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Dirty little secrets of Medicaid Expansion

Dear Editor,
These people who write in begging and pleading for Medicaid expansion in VA just blow my mind. Hopefully you noticed they are trying to work on your emotional and spiritual side to get you to support it.
Well guess what? There’s some dirty little secrets they don’t want you to know about. Here they are in plain talk:1. The folks begging for the expansion don’t want you to know that the same Federal government they are begging to cover the very expensive expansion almost $18 TRILLION in debt, much of it owed to China. This debt is going to have devastatingly negative consequences on the next generation(s).
2. They also don’t want you to know that the Federal government will ONLY cover (subsidize) the first couple years, then the VA STATE government, aka VA taxpayers, will be on the hook to cover it.
3. There is tremendous fraud, waste, and abuse in VA’s current Medicaid program with very little oversight to do anything about it.
4. We don’t have the resources and/or personnel to handle expanding Medicaid. There is already over a 40,000 claim backlog.
There’s a really smart man named Thomas Jefferson who once said, “It is incumbent on every generation to pay its own debts as it goes.” And another very smart man named Alexis de Tocqueville that warned of the following, “The American Republic will endure until the day Congress discovers that it can bribe the public with the public’s money.”
Wilma Royer
Mechanicsville

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One Response to Dirty little secrets of Medicaid Expansion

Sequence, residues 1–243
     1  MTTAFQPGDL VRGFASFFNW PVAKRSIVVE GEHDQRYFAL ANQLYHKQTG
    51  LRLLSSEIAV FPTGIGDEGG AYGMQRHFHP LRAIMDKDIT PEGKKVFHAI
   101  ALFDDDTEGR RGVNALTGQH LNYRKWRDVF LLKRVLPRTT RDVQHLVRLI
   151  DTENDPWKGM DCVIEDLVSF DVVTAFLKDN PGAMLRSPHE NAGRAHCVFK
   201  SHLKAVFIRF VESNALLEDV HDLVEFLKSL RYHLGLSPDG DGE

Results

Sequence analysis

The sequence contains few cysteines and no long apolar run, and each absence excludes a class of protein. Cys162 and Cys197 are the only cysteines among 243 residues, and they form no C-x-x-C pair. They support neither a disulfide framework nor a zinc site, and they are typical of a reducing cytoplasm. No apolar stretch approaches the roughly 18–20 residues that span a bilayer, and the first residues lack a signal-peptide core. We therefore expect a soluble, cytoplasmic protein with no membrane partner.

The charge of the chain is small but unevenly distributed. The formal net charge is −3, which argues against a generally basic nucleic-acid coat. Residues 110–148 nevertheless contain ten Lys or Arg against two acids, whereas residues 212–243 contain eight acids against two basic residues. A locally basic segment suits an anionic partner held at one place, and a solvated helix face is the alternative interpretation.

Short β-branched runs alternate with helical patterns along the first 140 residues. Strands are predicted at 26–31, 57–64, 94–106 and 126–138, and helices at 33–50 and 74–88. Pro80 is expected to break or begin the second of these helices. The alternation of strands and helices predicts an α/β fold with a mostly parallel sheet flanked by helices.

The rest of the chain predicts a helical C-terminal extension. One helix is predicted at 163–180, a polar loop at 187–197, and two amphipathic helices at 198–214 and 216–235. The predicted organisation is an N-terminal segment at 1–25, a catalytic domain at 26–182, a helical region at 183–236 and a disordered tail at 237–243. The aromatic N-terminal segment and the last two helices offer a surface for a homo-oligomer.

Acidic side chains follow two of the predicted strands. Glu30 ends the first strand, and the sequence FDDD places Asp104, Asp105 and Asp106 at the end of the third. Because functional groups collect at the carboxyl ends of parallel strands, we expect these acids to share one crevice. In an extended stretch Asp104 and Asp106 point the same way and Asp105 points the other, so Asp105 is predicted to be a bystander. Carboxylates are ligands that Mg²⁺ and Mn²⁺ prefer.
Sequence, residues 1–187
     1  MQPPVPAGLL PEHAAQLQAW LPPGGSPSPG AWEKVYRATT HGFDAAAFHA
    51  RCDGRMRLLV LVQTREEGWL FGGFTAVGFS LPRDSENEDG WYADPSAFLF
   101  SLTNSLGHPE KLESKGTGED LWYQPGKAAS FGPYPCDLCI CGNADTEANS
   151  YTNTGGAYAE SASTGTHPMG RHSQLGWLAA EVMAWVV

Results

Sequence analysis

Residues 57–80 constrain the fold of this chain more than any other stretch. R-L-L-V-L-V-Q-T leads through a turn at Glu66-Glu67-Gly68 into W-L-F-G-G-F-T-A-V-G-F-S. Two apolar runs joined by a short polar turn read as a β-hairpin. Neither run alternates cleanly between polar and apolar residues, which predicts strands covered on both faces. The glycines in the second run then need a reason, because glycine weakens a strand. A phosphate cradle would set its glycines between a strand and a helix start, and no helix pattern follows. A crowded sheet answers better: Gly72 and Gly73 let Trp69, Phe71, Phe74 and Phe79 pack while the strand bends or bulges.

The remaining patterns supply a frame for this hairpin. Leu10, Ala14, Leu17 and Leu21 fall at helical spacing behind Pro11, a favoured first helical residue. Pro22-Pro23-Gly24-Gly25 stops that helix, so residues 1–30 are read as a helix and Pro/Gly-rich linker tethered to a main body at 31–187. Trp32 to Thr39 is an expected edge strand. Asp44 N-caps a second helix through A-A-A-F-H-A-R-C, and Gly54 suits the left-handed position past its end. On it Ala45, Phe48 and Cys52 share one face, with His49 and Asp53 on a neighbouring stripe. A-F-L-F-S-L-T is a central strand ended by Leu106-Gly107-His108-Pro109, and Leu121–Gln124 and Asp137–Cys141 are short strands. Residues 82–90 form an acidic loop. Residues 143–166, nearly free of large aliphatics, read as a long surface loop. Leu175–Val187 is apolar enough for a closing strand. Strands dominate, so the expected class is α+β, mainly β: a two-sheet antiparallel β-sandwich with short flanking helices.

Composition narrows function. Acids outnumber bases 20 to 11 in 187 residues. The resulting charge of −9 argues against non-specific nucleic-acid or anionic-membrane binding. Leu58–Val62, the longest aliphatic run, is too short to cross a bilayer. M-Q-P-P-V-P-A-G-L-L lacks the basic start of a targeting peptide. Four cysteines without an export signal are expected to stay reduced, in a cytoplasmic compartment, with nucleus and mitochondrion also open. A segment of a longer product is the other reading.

1. Anton Afterwit Reply

    April 4, 2014 at 11:29 pm

    Those same liberal minds who bemoan the fact that everyone needs medical care fail to mention at the same time that the entire medical machine is a vast moneyed empire that is no longer tied or guided by morals, ethics, or altruism.

    Medicine has quickly left the bygone years where a doctor was only slightly more well off than his patients. He lived in the community and would often take payment in the form of chickens, eggs, free meals, or whatever payment the patient could afford. He was more interested in helping and healing than he was in money. This was also the case for the rest of the medical community, often with nurses and others not even being paid for their services.

    There were many in the medical community that would deride the “snake oil” salesman and go to battle with the old-wives over proper medicine and medical care. You would grow your own medicines, purchase them from a local source (usually related to herbs), or buy them at the local store without a prescriptions. Alcohol and marijuana were often taken to address maladies where pain was involved.

    Then came the “Community Hospitals” where the community would fund establishing a building where all the community could go to receive increased care. They collected these medical professionals into a central location so they could focus on medicine and improving the care patients received. There were small fees associated with using these facilities and in all but the largest cities, these centers also accepted payment in the form of livestock or other barter goods and in many cases would provide treatment without fee.